• "Dioxins evoke a wide spectrum of adverse responses e.g. reproductive and developmental defects, immunotoxicity, hepatotoxicity and cancer in experimental animals, humans and wildlife (White and Birnbaum, 2006; Pohjanvirta and Tuomisto, 1994). Brominated diphenyl ethers have been used over 30 years as flame retardants in different materials, e.g. in furniture (polyurethane foam), wire and cable insulation (styrene copolymers), electronics, and computers (high-impact polystyrene) (Darnerud et al., 2001). "
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    ABSTRACT: Dioxin-like chemicals and brominated flame retardants are ubiquitous in the environment, despite the introduction of international prohibitions and restrictions. These chemicals do not remain in the vicinity of their source, instead they can be transported over long distances, in fact even to pristine areas in the northern latitudes. However, there have been rather few time series experiments monitoring the trends in the levels of chlorinated and brominated forms of these chemicals in the environment. In this study, the concentrations of polychlorinated dibenzo-p-dioxins and -furans (PCDDs/Fs), polychlorinated biphenyls (PCBs) and polybrominated diethyl ethers (PBDEs) were measured in the liver and muscle of bank voles (Myodes glareolus) caught in a remote area in Finnish Lapland during 1986-2007. Five time points were selected: years 1986, 1992, 1998, 2003 and 2007. The levels of PCDDs/Fs and PCBs declined from 1986 until 2003 in both females and males, but tended to increase again in 2007. The peak levels of the most abundant PBDE congeners (PBDEs 47, 99, 100 and 153) were measured in 1998 and 2003. These results reveal that the levels of dioxin-like chemicals remain high also in rural areas in Lapland, whereas the concentrations of brominated flame retardants decreased and follow the current restriction prohibitions. Copyright © 2015 Elsevier B.V. All rights reserved.
    Science of The Total Environment 04/2015; 526:70-76. DOI:10.1016/j.scitotenv.2015.04.067 · 4.10 Impact Factor
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    • "Therefore presence of nano-TiO 2 in marine waters and its potential interaction with organic pollutants highlight the susceptibility of marine organisms and the need of more studies on interactive effects of nano-TiO 2 with existing toxic contaminants in marine waters with particular focus on piscine models. Amon organic pollutants 2,3,7,8-TCDD is one of the most potent carcinogenic chemical, able to elicit a wide spectrum of biological effects following specific cellular pathways (Mandal, 2005; White and Birnbaum, 2009). 2,3,7,8-TCDD and other organochlorines are usually detected in marine organisms (up to pg g À1 in fish for 2,3,7,8-TCDD (Greco et al., 2010; Nunes et al., 2011) and biomagnify through trophic webs (Corsolini et al., 2002). "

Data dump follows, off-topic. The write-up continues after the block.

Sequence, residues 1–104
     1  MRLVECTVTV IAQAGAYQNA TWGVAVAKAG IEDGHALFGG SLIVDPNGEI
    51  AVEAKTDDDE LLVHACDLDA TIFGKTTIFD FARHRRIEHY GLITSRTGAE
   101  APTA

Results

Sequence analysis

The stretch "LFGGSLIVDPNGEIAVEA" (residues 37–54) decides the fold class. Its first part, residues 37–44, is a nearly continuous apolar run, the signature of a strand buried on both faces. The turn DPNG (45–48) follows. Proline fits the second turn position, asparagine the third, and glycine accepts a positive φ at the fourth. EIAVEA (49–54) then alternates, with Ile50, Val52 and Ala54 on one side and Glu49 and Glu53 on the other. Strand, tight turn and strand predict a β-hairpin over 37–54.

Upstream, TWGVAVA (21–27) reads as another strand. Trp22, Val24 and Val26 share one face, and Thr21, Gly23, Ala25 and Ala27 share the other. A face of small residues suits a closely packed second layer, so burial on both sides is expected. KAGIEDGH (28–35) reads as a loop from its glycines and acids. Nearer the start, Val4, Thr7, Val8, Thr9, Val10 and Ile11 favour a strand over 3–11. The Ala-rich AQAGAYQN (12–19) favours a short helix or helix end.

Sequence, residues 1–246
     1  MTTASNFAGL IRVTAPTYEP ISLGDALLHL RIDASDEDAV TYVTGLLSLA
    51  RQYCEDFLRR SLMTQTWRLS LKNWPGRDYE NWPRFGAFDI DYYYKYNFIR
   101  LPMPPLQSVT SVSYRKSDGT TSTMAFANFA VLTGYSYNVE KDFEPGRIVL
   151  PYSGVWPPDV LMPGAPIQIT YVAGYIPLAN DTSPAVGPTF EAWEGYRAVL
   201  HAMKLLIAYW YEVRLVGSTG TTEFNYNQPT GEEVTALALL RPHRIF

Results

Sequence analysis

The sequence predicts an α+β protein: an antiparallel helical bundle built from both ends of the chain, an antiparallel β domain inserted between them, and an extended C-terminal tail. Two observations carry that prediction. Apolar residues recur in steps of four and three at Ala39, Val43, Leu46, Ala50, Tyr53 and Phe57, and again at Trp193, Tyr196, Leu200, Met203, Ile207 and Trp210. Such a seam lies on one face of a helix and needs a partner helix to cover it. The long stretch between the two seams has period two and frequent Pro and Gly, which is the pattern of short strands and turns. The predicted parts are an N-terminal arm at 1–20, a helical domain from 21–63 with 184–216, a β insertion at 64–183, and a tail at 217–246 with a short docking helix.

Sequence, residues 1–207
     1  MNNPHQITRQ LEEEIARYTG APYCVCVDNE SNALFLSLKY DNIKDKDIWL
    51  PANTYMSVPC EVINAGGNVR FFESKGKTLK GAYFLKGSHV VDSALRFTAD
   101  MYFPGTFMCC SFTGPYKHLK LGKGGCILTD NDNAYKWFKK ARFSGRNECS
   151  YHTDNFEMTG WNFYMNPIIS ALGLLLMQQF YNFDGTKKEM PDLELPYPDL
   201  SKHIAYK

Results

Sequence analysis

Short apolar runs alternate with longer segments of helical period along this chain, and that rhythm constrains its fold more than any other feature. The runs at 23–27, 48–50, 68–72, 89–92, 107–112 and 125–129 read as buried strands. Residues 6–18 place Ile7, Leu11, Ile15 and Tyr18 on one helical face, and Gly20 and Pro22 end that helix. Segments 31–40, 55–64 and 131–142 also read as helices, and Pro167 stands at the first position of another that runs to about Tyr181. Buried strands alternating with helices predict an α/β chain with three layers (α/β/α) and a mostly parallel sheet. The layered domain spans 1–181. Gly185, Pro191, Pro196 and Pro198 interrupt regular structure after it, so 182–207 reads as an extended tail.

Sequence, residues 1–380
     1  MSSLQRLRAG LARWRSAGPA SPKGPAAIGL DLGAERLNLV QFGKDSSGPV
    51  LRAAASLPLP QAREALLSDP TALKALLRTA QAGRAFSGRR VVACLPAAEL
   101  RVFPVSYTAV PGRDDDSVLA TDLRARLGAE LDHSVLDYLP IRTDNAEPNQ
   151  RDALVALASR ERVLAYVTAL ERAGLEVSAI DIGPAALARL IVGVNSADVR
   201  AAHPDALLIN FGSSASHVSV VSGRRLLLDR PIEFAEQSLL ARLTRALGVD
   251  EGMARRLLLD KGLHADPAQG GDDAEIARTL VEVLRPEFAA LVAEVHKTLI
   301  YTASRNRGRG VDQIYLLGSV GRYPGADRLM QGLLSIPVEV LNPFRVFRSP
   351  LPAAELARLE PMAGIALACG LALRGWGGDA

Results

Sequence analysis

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    ABSTRACT: The present study investigated the influence of nano-TiO2 (1 mg L-1) on 2,3,7,8-tetrachlorodibenzo-p-dioxin (2,3,7,8-TCDD) (46 pg L-1) bioconcentration and toxicity in the European sea bass (Dicentrarchus labrax) during 7 days in vivo exposure. A multimarkers approach was applied in different organs: detoxification in liver; innate immunity and pro-inflammatory response and adaptive immunity in gills and spleen; genotoxicity in peripheral erythrocytes and muscle. Bioconcentration of 2,3,7,8-TCDD in presence of nano-TiO2 was investigated in liver, skin and muscle as well as interaction between nanoTiO(2) and organic pollutants in artificial sea water (ASW). Nano-TiO2 negatively influenced immune response induced by 2,3,7,8-TCDD in spleen but not in gills and reduced the DNA damage induced by 2,3,7,8-TCDD in erythrocytes. nano-TiO2 did not interfere with 2,3,7,8-TCDD detoxification and bioconcentration according to the observed no interaction of the nano-TiO2 with organic pollutants in ASW.
    Environmental Pollution 01/2015; 196. DOI:10.1016/j.envpol.2014.09.020 · 4.14 Impact Factor